Building Your Book

An aspiring author recently asked me if I had a template for book genres. For instance, a how-to book template or a memoir template. Nope. One size doesn’t fit all.
There is no effective single template for a nonfiction book. There are some guidelines for structuring your book depending on the genre.Most of the popular nonfiction book genres have similar structures.
How-to or self-help books have similar, straightforward structures. The book begins with an explanation of the issue or challenge—what is it that the book will solve for the reader? Then each chapter walks the reader through the necessary and chronological stages of overcoming that issue or challenge. Each of those sequential chapters, presents the important details of the stage, including evidence and support for the book’s solutions. The final chapter wraps it all up with a conclusion.
A big idea book, also called a thought-leadership book, is structured somewhat differently. In this type of nonfiction book, the author will present the issue at a higher level than a how-to book. However, the chapter flow is similar. For instance, the issue is presented in the first chapter—what is it that the industry or sector is struggling with? Then, the book unpacks this idea, in sequential chapters using evidence and support. Not exactly the straight-ahead staircase of a how-to, but it does build the evidence of your book’s “solution” in a logical way.
Memoir books are usually structured in one of two ways, either as a story—a portion of one’s life that was seminal in some way, or as a “message story.” They are similar.
People sometimes speak of message stories as being lessons. I’m not fond of that word in relation to a memoir. The idea of lessons sounds “preachy” and could lead to writing a memoir that is pedantic. Probably not what you want.
Instead of lessons, think about the overarching message of your story and some of the subtopics associated with that. The subtopics all support the overarching theme and also add some depth and variety to that message. Then select “scenes” if you will, events from your life that demonstrate this. Find the thread that connects the parts of your life that are linked to this theme. Then you get a result that is positively more story than message—and that’s a good thing.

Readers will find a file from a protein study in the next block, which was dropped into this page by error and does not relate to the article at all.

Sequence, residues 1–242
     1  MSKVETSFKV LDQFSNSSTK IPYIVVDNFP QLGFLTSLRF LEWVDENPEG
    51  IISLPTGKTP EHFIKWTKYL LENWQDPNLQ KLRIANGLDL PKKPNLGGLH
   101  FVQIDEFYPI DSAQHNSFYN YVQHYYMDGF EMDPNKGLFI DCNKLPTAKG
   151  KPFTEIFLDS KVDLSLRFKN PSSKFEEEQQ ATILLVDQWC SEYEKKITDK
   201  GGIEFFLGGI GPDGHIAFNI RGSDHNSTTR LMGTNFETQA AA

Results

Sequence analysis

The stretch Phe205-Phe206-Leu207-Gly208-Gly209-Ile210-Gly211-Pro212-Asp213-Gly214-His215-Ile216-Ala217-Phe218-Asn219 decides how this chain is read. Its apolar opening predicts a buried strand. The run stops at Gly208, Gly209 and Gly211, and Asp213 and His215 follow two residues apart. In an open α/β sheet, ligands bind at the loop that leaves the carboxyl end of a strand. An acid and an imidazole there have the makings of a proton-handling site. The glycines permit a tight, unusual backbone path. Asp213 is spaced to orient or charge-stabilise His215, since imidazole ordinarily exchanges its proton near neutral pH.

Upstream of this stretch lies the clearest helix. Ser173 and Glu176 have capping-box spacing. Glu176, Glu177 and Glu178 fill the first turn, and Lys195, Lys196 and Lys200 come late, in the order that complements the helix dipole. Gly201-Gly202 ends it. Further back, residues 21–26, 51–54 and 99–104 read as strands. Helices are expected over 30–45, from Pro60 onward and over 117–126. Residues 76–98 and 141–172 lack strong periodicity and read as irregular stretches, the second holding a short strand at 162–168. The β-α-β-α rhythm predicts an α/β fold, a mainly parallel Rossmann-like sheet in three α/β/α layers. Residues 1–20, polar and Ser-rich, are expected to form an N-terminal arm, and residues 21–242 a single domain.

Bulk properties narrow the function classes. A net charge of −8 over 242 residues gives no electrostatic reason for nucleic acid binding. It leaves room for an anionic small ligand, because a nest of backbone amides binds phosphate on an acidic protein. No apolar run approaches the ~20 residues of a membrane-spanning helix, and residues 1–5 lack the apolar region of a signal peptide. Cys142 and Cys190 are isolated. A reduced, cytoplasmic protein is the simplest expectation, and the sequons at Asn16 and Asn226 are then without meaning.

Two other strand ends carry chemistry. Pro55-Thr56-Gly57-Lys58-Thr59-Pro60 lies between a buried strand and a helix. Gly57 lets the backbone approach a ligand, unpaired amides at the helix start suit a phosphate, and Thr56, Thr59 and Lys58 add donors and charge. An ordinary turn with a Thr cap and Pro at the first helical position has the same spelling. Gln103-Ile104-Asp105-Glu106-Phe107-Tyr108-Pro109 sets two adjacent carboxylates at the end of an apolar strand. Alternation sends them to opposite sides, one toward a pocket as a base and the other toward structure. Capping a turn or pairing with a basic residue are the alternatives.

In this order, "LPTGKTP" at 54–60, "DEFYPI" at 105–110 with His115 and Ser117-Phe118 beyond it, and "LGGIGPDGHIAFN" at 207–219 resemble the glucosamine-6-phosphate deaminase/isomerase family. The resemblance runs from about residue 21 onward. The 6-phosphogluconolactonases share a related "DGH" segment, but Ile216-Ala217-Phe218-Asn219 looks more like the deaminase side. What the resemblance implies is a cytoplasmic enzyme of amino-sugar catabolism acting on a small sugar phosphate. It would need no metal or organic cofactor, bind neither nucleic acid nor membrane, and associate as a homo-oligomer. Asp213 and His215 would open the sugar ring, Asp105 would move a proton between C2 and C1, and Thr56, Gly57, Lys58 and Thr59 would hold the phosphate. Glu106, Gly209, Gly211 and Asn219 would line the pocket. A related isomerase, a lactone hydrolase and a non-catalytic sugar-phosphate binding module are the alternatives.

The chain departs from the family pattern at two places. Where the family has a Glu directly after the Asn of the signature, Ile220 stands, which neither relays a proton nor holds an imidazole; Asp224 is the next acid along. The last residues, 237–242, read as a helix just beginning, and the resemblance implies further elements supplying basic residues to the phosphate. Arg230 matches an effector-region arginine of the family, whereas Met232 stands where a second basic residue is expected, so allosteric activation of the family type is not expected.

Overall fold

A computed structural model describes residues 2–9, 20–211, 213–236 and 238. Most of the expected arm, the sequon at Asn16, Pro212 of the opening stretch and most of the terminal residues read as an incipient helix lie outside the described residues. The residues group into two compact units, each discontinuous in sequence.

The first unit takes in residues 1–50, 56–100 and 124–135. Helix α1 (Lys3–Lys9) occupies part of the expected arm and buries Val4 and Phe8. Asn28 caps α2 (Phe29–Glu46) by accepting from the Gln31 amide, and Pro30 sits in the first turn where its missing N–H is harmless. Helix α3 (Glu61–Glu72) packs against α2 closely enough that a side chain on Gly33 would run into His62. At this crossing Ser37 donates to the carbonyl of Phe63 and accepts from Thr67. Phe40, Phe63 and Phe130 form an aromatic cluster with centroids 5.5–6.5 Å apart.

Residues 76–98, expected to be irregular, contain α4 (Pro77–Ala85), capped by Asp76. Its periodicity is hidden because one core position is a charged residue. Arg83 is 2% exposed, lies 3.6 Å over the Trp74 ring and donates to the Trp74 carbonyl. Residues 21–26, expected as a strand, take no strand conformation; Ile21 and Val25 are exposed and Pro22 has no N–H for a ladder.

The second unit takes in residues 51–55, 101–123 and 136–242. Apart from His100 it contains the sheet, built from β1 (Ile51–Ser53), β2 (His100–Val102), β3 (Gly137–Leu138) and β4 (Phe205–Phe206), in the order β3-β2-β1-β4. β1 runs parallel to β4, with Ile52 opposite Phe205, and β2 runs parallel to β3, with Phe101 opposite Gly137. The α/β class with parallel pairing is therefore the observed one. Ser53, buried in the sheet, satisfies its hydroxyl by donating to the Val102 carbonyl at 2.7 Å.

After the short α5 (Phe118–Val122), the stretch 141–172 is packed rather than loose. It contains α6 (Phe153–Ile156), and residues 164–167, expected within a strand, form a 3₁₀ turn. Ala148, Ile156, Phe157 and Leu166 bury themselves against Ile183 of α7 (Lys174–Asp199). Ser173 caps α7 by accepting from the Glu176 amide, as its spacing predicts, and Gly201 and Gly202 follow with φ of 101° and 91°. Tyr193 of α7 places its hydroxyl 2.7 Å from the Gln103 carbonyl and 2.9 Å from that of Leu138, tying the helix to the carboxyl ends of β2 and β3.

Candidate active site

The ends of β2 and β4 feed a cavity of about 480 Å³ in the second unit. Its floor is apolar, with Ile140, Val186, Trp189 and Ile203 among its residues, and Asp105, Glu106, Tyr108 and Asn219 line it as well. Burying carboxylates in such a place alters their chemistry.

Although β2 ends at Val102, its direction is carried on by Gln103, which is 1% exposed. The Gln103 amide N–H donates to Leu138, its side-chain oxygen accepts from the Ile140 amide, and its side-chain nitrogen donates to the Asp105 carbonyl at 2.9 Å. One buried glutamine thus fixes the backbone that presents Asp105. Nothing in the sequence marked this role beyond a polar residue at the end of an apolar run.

With a story memoir, the writer usually focuses on a specific time in one’s life—it might be one’s entire childhood or a single event. Even though you want to focus the story on that particular time, you aren’t bound to it exclusively. For example, an author can use flashbacks to a previous time or use hindsight perspective, “I realize now, that what he meant was . . .”
You are likely familiar with flashbacks as a device in films. Did you watch The Trial of the Chicago 7? It was an Oscar nominee and on Netflix. The focus of the movie is the trial, but we step away to see Abbie Hoffman doing what is essentially stand-up comedy with the events of the trial and also watch flashbacks to the protests at the 1968 Democratic Convention in Chicago, the police agitation and violence.

My new book, The HOW TO WRITE A BOOK Book, It’s Not about the Writing, available now on Amazon.

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